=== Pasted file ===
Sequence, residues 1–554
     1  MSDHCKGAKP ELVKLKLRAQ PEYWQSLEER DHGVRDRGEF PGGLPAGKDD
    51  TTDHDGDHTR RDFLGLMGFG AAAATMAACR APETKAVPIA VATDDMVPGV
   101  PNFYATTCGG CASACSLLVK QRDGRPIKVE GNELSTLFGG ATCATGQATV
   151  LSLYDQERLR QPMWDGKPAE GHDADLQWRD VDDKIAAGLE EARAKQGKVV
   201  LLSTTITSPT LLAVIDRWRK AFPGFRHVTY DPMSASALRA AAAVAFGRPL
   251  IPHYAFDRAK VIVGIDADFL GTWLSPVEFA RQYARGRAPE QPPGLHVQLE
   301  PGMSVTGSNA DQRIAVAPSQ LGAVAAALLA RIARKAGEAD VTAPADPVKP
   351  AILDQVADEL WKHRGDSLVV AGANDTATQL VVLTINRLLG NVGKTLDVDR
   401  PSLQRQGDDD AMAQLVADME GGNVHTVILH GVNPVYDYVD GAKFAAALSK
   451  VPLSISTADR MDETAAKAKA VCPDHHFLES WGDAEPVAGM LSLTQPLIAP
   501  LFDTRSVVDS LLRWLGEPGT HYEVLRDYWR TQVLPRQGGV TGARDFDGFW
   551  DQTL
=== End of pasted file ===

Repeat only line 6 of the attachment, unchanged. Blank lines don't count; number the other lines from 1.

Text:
   201  LLSTTITSPT LLAVIDRWRK AFPGFRHVTY DPMSASALRA AAAVAFGRPL